School’s out

School’s out

My daughter completed her first year of kindergarten today. As someone who never went to kindergarten, I harbor some pride for this accomplishment. She won’t understand the gravity of this statement for many years, but I looked at her today as I picked her up and thought, “She’ll never be a kindergartener again.” It reminds me of the first day of school during my own senior year of high school when I stepped on the bus saying to my classmates only too happy to get the hell out of there, “This is our last year of public school. In nine months, we’re done!” Some scoffed at my perceptive abilities at the time, so forgive me if I pat myself on the back.

Cecelia seems pretty happy that she’s done with all that, but I have no doubt that in years to come, she’ll remember this past year wistfully. Life was good. Yes, she learned quite a bit, but the year was mostly about playing with her friends, new and old. I get a lot of pleasure seeing her become more of a social animal, and seeing how she interacts with her friends, especially with the little girl of the same age that lives right next door to us. How lucky is that?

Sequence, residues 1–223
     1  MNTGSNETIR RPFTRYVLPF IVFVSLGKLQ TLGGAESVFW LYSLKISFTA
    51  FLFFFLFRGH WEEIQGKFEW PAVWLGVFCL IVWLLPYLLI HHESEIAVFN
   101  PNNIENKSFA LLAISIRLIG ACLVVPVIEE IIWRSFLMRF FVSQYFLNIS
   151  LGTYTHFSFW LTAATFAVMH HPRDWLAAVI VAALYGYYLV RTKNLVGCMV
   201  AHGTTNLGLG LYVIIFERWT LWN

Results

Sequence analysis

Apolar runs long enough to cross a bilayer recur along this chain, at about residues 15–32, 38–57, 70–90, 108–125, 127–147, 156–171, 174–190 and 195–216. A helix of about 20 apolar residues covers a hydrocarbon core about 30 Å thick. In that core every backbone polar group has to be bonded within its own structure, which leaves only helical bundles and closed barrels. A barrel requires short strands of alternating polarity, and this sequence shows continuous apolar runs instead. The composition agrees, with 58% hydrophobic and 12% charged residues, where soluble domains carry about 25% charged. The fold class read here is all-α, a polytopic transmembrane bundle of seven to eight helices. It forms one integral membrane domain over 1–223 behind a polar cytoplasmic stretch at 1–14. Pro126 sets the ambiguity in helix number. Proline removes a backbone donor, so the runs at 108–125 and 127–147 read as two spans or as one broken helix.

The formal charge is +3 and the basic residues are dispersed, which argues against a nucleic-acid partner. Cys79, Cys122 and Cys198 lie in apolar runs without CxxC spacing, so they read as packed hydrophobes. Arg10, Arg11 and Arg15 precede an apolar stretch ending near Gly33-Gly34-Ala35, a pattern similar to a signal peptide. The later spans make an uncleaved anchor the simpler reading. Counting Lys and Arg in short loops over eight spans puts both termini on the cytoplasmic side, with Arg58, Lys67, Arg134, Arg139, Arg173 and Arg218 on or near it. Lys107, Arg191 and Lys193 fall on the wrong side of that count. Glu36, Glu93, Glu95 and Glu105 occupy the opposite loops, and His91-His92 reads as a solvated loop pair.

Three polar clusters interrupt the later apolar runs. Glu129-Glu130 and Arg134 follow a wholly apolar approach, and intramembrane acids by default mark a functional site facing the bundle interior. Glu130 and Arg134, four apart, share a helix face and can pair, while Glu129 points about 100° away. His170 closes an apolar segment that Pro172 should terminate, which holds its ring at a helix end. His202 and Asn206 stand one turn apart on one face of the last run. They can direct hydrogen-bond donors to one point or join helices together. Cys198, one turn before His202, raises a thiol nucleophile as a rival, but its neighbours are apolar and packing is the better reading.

I try very hard to follow the philosophy of the Free-Range Kids movement started by Lenore Skenazy. I of course worry about my daughter all the time, but I don’t freak out when she leaves my sight. I appreciate the fact that we live in a community that looks out for our kids, and if Cecelia walks a little too far up the sidewalk, she’ll have a greater likelihood of suffering a lightning strike on a sunny day than an abduction by some pervy stranger.

I want my daughter to face life with as little fear as possible, but at the same time I want her to develop a healthy awareness of the world around her. I want to prepare her for what looks like a most uncertain future, but try explaining to a six-year-old the importance of learning in order to stave off worries about money as an adult.

She won’t savor the moment right now, especially as she sits on the couch watching “Fairly Odd Parents,” but I will. My kid has an outsized personality and is best described as “willful.” If Louise and I can properly channel all that, she’ll be a force to reckon with. If not, well… I’d rather not think about it.

Leave a Reply